The Art of Journaling

Journaling can be a means of grace to your soul.  It could turn into a mere diary, a source of pride as you vent your secret thoughts for no purpose.  But a Spiritual Journal is different, to be done to the glory of God it will not be a soap opera with you as the star.  We are created to be purposeful, to be creative, to be in communion with our Creator, to be ever growing; journaling therefore can be creative, ought to be purposeful, and will bring us further into communion with our Creator as He grows us in grace and knowledge.  

Spiritual journaling cannot be done apart from prayer and the Word; and comes alongside other Spiritual Disciplines such as study, contemplation, meditation, fasting, memorization, solitude, praise, and others I’m sure. 

Why journal?  Mainly to remember.  We no longer raise ebenezers, because in our culture paper and ink are affordable.  When God was speaking to Israel in her early years, words were etched with stylus on tablets of stone, and verbally repeated often enough to be written on the tablets of the hearts of listeners.  Tablets were expensive, and literacy rates were low. In a culture such as ours, most people no longer repeat and memorize. Some often never even speak of spiritual things (to their own demise).   Although American literacy rate is rather low, it is not so low that the Church should not pursue this. I generally pay $5 or less for a journal, and each journal lasts roughly a year. A very low price for embracing a means of grace.  

So, we can journal to remember.  One of Israel’s greatest, and most repeated sins, was forgetting God, forgetting the covenant, forgetting His works and words.  As God would pursue His people, bringing them back, He would remind them how He never forgets His covenant. Journaling helps us remember.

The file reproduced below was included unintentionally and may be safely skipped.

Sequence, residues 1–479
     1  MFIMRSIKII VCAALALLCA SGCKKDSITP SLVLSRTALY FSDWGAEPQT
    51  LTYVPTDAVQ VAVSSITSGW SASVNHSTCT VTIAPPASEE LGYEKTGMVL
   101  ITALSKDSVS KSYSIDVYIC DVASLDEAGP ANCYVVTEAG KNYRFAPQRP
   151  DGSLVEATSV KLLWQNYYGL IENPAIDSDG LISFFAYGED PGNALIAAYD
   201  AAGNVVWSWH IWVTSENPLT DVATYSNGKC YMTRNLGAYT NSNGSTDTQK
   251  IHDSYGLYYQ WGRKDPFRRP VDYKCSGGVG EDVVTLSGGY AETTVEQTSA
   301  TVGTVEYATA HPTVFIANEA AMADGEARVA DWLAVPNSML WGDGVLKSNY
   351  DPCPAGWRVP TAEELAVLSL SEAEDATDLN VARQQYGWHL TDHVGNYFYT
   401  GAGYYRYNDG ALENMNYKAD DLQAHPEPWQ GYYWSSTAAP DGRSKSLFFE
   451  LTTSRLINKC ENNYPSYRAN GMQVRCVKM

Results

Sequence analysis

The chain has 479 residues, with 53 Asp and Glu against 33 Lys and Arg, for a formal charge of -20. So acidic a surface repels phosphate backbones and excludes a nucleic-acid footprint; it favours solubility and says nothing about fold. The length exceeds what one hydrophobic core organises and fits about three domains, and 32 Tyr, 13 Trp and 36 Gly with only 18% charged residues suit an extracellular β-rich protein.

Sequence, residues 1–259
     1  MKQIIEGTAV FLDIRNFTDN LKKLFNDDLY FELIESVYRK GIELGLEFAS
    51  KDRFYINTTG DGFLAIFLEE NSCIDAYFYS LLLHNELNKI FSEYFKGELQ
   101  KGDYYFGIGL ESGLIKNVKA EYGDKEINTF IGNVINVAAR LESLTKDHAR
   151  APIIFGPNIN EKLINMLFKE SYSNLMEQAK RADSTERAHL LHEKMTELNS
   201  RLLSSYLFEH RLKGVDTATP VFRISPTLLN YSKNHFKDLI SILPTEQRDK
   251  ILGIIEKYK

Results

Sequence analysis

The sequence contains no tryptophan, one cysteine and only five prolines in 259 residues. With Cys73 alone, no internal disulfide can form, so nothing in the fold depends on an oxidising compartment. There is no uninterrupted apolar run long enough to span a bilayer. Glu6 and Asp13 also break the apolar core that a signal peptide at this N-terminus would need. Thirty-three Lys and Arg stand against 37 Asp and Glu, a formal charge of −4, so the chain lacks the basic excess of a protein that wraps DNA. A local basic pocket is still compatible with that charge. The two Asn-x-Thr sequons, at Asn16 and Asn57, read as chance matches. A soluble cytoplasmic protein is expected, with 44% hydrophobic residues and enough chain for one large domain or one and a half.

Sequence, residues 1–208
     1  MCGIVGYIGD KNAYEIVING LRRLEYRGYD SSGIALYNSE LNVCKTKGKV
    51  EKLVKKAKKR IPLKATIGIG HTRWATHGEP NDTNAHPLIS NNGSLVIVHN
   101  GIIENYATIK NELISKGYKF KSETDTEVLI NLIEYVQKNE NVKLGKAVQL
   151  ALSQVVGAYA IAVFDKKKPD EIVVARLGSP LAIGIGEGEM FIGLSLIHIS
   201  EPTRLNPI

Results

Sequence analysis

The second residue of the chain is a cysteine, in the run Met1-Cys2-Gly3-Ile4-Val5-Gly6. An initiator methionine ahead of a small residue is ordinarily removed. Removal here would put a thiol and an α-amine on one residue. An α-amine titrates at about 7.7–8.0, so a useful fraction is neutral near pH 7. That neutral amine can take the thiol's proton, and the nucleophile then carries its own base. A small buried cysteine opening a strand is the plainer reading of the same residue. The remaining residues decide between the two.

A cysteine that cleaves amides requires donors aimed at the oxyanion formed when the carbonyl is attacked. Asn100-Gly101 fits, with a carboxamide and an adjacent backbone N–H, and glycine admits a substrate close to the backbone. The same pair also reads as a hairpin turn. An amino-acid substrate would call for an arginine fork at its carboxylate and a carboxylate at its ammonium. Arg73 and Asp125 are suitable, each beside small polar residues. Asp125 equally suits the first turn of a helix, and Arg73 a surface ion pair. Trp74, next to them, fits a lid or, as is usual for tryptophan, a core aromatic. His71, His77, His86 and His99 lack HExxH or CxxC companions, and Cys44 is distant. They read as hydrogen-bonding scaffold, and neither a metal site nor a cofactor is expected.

The Word of God ought to be our delight.  We must be a Word centered people, listening to God as He speaks through His Word.  He alone has words of eternal life. Do we cling to them? Do we strive to ponder them, muse upon them, remember them, grow in knowledge?  In the past few years many in mega churches have muddled this for us by driving us to be image centered. Words also seem cheap when we praise God with a chorus over and over and over and over and over (cue the fog machine) and over (dim the lights, set out candles) and over.  Some fight this by turning to liturgy as a means of escaping trite words, and the need to express my own thoughts in prayer. Though He knows your heart, and your every thought, He longs for the communion of sharing. To use liturgy as a catalyst for prayer is beautiful; as a tool in the dark nights of your soul it can be enlightening and enlivening; but as an escape from using your own brain and heart it must be put down. 

Journaling is a way of pressing on to maturity (Hebrews 6:1) as we embrace the truths of Scripture, and seek to know Him more.  Journaling is a way to prepare our minds for action (1 Peter 1:13a) as we find connections throughout Scripture, seek meaning from the Spirit of Truth, and guard what He has entrusted to us.  Journaling aids us in praying, that we would “keep sober in spirit for the sake of our prayers” (1 Peter 1:13b). Journaling slows you down, you are less likely to spin out of control as you order your thoughts, pray with intent, and are able to look back on prayers and passages and lessons learned.    If you journal at times to focus on what is good, what is true, what is lovely, what is of good repute, what is beautiful, what is noble, what is excellent or worthy of praise, whatever is pure…(see Philippians 4), then the God of all peace will flood your soul and guard your thoughts.  That journal entry (or entries) will be there to lead you in future prayers as anxiety fills your soul.  Will you pursue being drunk or sober in spirit? So write about the day, the week, the struggle, the joy, the trial, the overcoming; write, and later look back to see what is truly going on in your ‘inner man’ by noting patterns or growth or decline.  While being inwardly focused is ill advised, self examination has a place in our spiritual journey.